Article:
CALIGULA by Arther Ferrill

CALIGULA

Emperor of Rome

KIRKUS REVIEW

 Grim biography of Rome's greatest monster, Caligula (A.D. 12- 41). Ferrill (History/Univ. of Washington) dismisses the Caligula of Lloyd C. Douglas's The Robe, Robert Graves's I, Claudius, Bob Guccione's X-rated film, and J.P.V.D. Balsdon's The Emperor Gaius (1934) as largely bad jobs, and argues that Anthony Barrett's Caligula: The Corruption of Power (1989) rationalizes that Caligula ``was not insane and that he was intelligent.'' Not so, Ferrill insists: Caligula was as mad as mad can be. He sees the young prince coddled and treated almost as a god since birth. As a child, Caligula knew much terror, with his father apparently being poisoned and his mother forever raving against the emperor. Caligula was not in direct line for the crown, but political machinations (by others, not himself) landed him in the purple. Before that, he seduced his two younger sisters, then went to live with Uncle Tiberius, the emperor, on Capri, where Tiberius reveled as a wildly inventive sex maniac. At Tiberius's death, a Praetorian slipped Caligula in as emperor, and for his first six months the young emperor was well liked for his insane generosity. He fell sick briefly, and upon his recovery joy turned to civil terror. Murder was the least of his sins and the smart died first. He had one senator's body chopped up before him. At parties he had sex with anyone's wife, with the husband attending. He deified his dead sister, and tried to have his own statue put into Jewish temples, which would have caused civil war had he not been assassinated. And that's only a skim of his crimes. Feels padded even at 184 pages, and Ferrill's dismissiveness of others grates and does not make for happy reading. (Twenty-two illustrations and copious footnotes--not seen.)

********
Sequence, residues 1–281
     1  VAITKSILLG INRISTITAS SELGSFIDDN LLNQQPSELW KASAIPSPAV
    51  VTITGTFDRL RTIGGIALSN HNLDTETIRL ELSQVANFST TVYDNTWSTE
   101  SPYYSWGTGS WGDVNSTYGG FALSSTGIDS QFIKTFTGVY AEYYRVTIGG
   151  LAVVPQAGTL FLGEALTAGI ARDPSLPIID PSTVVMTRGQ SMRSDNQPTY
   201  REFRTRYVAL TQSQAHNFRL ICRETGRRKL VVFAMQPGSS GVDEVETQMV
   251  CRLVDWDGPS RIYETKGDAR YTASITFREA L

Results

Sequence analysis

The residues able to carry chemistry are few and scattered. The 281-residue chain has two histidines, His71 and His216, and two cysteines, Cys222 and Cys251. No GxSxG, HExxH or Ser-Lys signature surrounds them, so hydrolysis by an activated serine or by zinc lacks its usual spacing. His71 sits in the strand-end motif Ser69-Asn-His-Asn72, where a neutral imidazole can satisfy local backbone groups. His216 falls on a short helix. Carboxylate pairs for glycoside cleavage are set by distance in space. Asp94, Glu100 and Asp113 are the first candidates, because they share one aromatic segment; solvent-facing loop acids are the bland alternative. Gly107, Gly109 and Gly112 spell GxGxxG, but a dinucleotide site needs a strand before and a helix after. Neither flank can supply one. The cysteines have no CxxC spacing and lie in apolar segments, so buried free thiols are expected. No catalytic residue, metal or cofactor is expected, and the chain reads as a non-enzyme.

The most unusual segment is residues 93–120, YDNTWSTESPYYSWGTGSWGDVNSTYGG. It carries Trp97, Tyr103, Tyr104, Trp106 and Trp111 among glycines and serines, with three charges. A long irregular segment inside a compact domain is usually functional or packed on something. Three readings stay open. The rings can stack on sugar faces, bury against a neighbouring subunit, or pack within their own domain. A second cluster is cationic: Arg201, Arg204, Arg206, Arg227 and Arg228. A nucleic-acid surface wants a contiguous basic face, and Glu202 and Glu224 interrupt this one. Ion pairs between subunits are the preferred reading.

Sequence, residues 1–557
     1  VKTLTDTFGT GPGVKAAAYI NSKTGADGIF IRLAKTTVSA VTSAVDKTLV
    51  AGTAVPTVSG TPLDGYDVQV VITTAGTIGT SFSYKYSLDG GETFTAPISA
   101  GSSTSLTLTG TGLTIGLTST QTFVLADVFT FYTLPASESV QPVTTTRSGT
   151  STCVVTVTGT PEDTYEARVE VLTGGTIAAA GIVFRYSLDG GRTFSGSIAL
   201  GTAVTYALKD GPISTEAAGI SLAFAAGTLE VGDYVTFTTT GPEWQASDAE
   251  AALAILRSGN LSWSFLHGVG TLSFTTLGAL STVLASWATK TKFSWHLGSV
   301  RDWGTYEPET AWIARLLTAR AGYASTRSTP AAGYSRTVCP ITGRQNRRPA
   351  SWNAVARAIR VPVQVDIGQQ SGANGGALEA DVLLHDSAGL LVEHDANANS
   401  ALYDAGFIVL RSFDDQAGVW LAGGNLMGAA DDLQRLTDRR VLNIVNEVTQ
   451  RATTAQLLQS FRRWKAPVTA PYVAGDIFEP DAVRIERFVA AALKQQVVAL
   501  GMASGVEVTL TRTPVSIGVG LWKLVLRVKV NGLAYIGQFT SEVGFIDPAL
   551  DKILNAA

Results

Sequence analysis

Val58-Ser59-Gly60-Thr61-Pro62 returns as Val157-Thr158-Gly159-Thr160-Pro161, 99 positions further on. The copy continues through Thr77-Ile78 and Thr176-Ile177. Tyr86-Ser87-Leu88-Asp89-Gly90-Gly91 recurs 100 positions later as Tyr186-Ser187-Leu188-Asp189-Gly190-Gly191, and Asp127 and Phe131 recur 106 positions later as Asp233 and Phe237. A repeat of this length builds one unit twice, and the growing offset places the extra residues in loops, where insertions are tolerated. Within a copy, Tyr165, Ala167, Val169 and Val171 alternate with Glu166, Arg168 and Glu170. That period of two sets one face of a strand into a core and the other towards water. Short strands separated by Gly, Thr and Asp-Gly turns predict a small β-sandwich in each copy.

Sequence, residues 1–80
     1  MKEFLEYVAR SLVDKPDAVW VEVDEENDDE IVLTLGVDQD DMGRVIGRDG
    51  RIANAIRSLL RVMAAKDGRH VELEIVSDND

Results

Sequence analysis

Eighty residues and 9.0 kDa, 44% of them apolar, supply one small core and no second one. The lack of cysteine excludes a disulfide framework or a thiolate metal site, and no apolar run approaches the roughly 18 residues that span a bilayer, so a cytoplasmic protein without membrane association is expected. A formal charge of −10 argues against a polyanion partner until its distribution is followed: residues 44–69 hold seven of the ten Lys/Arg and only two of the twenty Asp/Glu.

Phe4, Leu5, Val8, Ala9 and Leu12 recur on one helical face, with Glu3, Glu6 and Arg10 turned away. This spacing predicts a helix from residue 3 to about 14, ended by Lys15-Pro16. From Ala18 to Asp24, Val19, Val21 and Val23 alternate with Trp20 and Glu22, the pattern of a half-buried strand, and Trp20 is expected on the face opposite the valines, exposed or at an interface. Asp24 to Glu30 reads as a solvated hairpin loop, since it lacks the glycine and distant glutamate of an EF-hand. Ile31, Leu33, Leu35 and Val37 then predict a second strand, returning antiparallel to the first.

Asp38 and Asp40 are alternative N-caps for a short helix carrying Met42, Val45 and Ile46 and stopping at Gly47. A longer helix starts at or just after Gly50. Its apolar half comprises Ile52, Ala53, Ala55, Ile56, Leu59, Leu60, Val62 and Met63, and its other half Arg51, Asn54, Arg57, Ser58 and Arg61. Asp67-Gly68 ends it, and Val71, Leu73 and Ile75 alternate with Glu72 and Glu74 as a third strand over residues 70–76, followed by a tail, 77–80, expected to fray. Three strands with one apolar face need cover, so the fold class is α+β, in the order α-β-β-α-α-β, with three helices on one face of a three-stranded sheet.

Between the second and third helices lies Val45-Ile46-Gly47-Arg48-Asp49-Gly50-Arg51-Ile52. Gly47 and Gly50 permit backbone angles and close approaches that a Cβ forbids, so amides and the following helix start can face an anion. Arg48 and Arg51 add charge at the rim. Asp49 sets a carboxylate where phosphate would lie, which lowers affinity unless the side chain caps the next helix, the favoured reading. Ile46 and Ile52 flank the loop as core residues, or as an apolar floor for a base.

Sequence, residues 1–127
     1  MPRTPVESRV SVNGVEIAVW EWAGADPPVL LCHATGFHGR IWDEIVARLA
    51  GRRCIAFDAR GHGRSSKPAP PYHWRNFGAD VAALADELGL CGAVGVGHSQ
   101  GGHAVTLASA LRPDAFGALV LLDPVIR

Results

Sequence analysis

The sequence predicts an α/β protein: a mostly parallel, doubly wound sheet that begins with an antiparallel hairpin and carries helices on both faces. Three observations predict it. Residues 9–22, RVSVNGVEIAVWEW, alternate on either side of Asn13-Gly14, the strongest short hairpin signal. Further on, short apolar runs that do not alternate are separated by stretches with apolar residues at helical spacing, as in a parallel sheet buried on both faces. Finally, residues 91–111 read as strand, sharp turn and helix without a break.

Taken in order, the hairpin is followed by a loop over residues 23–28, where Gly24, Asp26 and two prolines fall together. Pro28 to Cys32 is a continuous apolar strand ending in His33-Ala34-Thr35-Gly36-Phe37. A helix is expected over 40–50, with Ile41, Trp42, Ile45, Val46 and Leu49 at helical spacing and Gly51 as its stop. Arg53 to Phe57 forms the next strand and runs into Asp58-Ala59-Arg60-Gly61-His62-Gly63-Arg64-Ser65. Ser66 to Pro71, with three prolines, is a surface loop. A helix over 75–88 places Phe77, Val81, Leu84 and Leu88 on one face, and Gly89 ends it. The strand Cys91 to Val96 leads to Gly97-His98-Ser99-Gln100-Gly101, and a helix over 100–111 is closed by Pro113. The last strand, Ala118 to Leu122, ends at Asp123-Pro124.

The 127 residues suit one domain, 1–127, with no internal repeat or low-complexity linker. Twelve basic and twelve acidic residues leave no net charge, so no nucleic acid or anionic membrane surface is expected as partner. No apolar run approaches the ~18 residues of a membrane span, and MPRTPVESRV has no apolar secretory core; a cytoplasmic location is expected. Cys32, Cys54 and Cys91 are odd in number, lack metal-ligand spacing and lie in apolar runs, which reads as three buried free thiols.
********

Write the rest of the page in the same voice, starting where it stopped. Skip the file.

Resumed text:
Pub Date: June 1st, 1991
ISBN: 0-500-25112-6
Page count: 184pp
Publisher: Thames & Hudson
Review Posted Online:
Kirkus Reviews Issue: May 1st, 1991